If CloudEvents takes off and gets support across the industry, Hollan hopes to see more innovation in how we manage and monitor these decoupled processes. “You might get excited building your first function or even your tenth, but when you get to thirty or forty functions, now you have all these tiny little pieces running independently. How do you make sure you have an eye on them all so you can manage the solution and deploy updates to that solution? I know have events coming from, say, Salesforce but how many functions are spinning up every time I add a customer? If I change something in my Salesforce database do I know how many functions that’s going to pin up?”

Taking More of Azure Serverless

Serverless models are showing up in other Azure services. The new Azure Machine Learning SDK for Python works with all the Python-compatible machine learning frameworks like TensorFlow and CNTK, covers key machine learning workflows from model training to deployment to scoring — and dispatches and manages the stages of those workflows on a serverless fabric with a mix of CPU and GPU configurations to suit different jobs.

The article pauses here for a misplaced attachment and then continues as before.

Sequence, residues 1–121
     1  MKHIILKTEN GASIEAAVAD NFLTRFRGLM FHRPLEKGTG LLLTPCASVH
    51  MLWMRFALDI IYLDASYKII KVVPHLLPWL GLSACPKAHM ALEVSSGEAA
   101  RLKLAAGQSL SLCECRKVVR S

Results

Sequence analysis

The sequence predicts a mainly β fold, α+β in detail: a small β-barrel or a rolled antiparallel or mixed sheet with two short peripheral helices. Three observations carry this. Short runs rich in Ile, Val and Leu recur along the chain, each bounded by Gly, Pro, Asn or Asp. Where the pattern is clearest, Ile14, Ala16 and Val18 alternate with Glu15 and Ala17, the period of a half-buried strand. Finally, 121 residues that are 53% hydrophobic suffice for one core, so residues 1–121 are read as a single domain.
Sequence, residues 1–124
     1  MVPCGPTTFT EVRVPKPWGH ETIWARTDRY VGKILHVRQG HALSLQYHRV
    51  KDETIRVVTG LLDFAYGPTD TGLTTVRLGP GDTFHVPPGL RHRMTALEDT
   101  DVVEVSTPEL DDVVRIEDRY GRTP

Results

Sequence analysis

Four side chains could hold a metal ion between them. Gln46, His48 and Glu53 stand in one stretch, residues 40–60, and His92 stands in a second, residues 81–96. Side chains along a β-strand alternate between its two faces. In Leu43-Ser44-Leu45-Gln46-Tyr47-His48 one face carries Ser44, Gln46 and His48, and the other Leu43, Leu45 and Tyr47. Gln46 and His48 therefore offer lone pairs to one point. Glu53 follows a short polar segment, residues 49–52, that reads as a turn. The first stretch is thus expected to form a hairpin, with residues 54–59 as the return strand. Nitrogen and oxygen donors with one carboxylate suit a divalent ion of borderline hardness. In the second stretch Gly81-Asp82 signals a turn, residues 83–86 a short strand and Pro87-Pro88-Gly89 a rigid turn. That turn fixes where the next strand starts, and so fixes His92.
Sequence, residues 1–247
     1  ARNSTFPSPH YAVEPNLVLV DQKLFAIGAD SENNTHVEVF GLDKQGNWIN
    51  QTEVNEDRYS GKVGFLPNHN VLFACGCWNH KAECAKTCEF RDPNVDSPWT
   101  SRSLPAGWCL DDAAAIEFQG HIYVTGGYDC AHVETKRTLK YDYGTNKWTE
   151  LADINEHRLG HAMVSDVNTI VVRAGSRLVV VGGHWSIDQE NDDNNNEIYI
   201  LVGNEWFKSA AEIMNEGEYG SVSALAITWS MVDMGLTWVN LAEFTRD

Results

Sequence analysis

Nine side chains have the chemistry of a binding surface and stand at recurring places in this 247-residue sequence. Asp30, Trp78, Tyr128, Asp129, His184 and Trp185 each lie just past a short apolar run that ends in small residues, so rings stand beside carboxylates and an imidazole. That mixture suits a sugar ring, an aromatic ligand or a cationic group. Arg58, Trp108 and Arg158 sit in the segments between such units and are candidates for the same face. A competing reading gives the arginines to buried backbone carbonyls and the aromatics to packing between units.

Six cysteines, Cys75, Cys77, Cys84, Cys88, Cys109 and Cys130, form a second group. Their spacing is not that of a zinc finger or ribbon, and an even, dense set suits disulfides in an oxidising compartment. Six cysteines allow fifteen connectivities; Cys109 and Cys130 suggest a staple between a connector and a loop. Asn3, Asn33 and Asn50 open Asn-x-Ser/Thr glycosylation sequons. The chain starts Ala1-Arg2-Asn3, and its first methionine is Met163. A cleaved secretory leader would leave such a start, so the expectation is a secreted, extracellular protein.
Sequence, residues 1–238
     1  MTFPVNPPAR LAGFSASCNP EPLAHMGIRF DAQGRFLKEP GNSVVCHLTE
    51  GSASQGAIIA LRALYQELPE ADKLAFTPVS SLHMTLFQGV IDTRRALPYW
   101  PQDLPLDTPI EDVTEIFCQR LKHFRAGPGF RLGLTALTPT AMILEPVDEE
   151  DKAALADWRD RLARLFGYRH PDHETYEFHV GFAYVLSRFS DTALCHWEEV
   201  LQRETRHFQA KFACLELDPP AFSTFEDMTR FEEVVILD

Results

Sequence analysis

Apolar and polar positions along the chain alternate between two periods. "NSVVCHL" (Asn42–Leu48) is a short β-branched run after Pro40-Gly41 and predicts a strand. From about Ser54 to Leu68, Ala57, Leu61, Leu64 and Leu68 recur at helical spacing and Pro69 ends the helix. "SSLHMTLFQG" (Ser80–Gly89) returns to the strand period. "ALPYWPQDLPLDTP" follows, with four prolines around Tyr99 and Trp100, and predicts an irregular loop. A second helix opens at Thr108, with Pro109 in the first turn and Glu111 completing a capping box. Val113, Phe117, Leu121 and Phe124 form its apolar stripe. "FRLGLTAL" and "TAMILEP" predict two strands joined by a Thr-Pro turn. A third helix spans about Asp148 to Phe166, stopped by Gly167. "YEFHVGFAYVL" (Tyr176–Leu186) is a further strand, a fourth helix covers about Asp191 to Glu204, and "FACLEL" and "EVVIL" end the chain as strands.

The new Azure Service Fabric Mesh preview means you no longer have to set up the Service Fabric orchestrator, provision virtual machines, add them to a cluster and step through a series of management tasks to run a containerized app. Create a Service Mesh application project in Visual Studio and the service now handles creating the Azure resource group, setting up the containers and creating automatic placement rules to honor placement constraints specified for the application, using the full programming model for Windows, Linux, Java and .NET, including stateful services and reliable collections.